Commons amends budget in surprise midnight vote

The Liberals scored a quick and decisive victory on Thursday night, catching the Conservatives off guard and passing their controversial Bill C-48.

The federal Liberals scored a quick and decisive victory Thursday night, catching the Conservatives off guard by passing their controversial budget amendment and ensuring their minority government is safe until the fall.

Bill C-48, the NDP amendment to the budget that adds $4.6 billion in social spending, passed third reading by a vote of 152-147.

Losing the vote would have automatically triggered a federal election. But after months of threats to bring down the government, the budget bill last night was the last matter of confidence the House of Commons will vote on this session.

In a surprise move, and with a number of Conservative MPs missing, the Liberals marched out a rarely used obscure procedural motion to cut off all debate and force an immediate vote on the budget.

The Liberals had forged a deal with the NDP and the Bloc Québécois to get the motion to cut off debate carried. (The Bloc later voted against the budget amendment itself, however.)

Many Conservative MPs had already left the House when word got out the Liberals were going to force a midnight vote on the budget.

Tories blast deal

Conservative Leader Stephen Harper, who was forced to rush back, blasted the three-way alliance.

"When push comes to shove, the Liberals will make any deal with anybody," Harper said after the vote. "And it doesn't matter whether it's with the socialists or with the separatists or any bunch of crooks they can find. That's how they govern the country."

Conservative deputy leader Peter MacKay also expressed his outrage over the political manoeuvring.

"It's a very sour end to an acrimonious and bitter session and does not bode well for the future workings of Parliament. If this is the kind of diabolical, sneaky, treacherous, behind-the-scenes activities that are going to go on..."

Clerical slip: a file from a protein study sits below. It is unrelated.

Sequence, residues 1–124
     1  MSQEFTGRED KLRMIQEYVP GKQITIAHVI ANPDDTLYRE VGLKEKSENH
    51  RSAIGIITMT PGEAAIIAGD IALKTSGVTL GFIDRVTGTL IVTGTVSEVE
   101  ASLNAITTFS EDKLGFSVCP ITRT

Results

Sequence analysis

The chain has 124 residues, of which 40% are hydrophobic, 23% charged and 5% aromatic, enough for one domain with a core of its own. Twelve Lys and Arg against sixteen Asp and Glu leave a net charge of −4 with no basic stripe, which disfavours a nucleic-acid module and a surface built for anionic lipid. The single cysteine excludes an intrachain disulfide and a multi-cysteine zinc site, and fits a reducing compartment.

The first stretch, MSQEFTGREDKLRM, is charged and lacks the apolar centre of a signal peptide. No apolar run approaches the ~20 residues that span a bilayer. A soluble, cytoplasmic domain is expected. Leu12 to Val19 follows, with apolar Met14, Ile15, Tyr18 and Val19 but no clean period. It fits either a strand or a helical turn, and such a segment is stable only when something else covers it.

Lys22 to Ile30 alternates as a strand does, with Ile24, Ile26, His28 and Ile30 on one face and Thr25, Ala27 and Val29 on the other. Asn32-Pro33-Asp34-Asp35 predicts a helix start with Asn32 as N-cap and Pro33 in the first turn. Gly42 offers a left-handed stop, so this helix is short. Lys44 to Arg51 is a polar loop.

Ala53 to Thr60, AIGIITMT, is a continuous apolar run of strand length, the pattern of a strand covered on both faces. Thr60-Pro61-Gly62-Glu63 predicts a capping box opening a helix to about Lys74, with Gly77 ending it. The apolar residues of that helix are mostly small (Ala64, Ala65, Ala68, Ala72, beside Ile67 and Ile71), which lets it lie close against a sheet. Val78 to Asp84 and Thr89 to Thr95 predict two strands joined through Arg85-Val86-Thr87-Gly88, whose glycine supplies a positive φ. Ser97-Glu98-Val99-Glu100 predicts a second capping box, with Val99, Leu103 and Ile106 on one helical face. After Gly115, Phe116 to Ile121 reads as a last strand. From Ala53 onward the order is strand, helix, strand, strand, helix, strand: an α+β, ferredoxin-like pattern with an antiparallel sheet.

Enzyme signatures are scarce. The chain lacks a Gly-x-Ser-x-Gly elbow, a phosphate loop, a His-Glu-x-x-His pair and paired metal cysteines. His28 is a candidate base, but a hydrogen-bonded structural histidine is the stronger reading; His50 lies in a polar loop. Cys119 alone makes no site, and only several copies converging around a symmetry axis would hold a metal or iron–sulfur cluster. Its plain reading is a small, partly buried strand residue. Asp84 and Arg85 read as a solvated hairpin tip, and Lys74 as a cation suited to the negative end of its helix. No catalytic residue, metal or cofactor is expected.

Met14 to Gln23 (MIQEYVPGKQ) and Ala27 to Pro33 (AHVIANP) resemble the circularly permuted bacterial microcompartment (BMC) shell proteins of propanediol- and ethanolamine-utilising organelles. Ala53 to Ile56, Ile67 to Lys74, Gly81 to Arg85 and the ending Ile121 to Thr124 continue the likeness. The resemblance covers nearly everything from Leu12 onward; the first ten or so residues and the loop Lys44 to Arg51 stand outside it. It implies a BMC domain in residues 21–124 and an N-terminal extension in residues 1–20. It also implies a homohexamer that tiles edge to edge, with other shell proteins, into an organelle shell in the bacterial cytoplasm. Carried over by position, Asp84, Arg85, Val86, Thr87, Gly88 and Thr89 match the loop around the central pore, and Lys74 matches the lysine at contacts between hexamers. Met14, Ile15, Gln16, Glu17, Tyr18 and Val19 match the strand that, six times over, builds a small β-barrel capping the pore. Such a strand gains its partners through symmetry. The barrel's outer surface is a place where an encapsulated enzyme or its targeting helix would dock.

MacKay went further, comparing the Liberals to one of Hollywood's most notorious homicidal cannibals.

"We have to start thinking that Hannibal Lecter is running the government and they'll do anything they have to do to win."

Martin was told about the chance to force a vote on the budget late Thursday night after his staff had found the obscure motion. He then gave them the go-ahead to make a deal with the Bloc and the NDP.

"Well, I'm very glad we got the budget passed," Martin said. "I think it's very important budget for child care, for cities."

NDP Leader Jack Layton celebrated his party's victory in getting its amendment passed.

"I think we came here to do a job and we've tried to stay focused on that and tonight we saw some results," he said.

House session extended

In another move on Thursday night, MPs voted 191-108 to extend the sitting of the House of Commons, the first time such an extension has been approved in 17 years.

That move will give the government more time to push through its same-sex marriage bill.

In order to get the same-sex bill passed the Bloc asked for and received a written guarantee the legislation will come to a vote before the parliamentary session ends.

The Conservatives were quick to pounce on the Liberals. "Let's be clear, the Liberal party is now cutting deals with the separatists, to appease the socialists, to prop up their corrupt government," MacKay said.

In order to have the House prolong the session, the Liberals needed the support of the Bloc, and House leader Michel Gauthier showed off a letter he exchanged with his Liberal counterpart Tony Valeri.

Gauthier wanted a written guarantee the House would not break until after the same-sex marriage bill gets to a vote.

The same-sex legislation is expected to pass easily with the support of most Liberals, the NDP and the Bloc.